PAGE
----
The final contributions address changes to the territory following Roman conquest and how these might inform our broad understanding of romanization. Mora Serrano (ch. 9) revives the themes of continuity and adaptability of civic identities through a discussion of local coinage. Many cities maintained iconography, place names, and even Punic script while incorporating Roman styles and themes. Though many contributions address the diversity of local or indigenous identities in southern Iberia, García Vargas’ discussion (ch. 10) of Italian immigrants to the region adds important nuance. He traces the involvement of Italians in commercial activities and emphasizes that during the early phases of romanization Italians came from diverse locales and social circumstances (and many were not Roman citizens), so their identities would have been more tied to their trade and daily practices than to being Roman.

The book’s eclectic and diverse range of contributions can be traced to its origins in three research projects carried out at the universities of Málaga and Seville: “Ethnic Identities in Southern Spain: Rise and Evolution in Antiquity (Seventh–Second Centuries BCE)”; “Ethnic and Political-Civic Identity in Roman Spain: The Case of the Turdetania-Baetica”; and “Ancient Geography and Historiography: Space, Representation, and Transmission of Knowledge.” A preliminary volume was published in Spanish: Wulff Alonso and Álvarez Martí-Aguilar, Identidades, culturas y territorios en la Andalucía prerromana (Seville and Málaga 2009). Many of the contributions presented here stemmed from a conference on the theme of identities in southern Spain held in Málaga in 2014.

The present volume thus has the ambitious and laudable goal of synthesizing years of work accomplished by these varied projects. And—significantly—doing so in English rather than the authors’ native Spanish (or French, in the case of Moret) presents an opportunity for scholars outside Spain to become better versed in a period and place that has been underrepresented in Anglophone scholarship. While we can turn to synthetic volumes for both earlier and later periods, this is the first book-length work focusing on the crucial period from the fourth through the first centuries BCE. Another key contribution of the book is that it devotes full attention to the varied ways the Phoenicians and Carthaginians impacted both the indigenous inhabitants of southern Spain and the process of Roman conquest. Too often romanization is still viewed as a binary process of Roman interaction with a monolithic indigenous population. Finally, the book should serve a model for how interdisciplinary studies integrating textual and archaeological traditions can be conceived.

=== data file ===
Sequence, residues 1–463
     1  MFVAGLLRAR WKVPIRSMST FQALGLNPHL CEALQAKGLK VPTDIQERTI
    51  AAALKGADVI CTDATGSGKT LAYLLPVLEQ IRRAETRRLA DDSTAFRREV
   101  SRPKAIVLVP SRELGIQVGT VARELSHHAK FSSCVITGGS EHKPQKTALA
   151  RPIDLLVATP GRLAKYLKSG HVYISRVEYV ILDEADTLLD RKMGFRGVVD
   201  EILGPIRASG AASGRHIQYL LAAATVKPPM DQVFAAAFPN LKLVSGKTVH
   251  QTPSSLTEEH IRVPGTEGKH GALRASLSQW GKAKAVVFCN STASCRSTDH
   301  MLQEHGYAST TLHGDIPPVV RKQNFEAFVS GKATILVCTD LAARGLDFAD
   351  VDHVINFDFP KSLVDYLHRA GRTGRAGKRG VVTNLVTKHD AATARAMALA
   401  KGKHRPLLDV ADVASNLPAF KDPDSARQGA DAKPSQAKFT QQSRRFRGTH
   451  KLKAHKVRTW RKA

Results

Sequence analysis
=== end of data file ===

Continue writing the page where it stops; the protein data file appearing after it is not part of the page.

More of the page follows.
Given the book’s potential scholarly impact in these areas, there are several places with room for improvement. An additional chapter detailing the historiography of research in the region—both internally and as it relates to the wider trajectory of romanization research—beyond the brief preface would have helped situate the archaeologist or historian not versed in Spanish scholarship. Unfortunately, many chapters, though certainly not all, suffer from a stilted and prosaic translation style that detracts from the overall readability of the book. Frequent misplaced commas, inconsistencies in capitalization, and a lack of standardization of terminology across contributions also distract from the overall presentation. At a price of $148 and in an otherwise handsome volume, it is disappointing to see this inattention to detail. One cannot blame the authors for these shortcomings, and, taken as a whole, the book makes a welcome and essential contribution to our understanding of Roman Iberia.

Linda R. Gosner
Department of Classical Studies and Society of Fellows
University of Michigan

Book Review of Roman Turdetania: Romanization, Identity and Socio-Cultural Interaction in the South of the Iberian Peninsula Between the 4th and 1st centuries BCE, edited by Gonzalo Cruz Andreotti
Reviewed by Linda R. Gosner
American Journal of Archaeology Vol. 124, No. 1 (January 2020)
Published online at
DOI: 10.3764/ajaonline1241.Gosner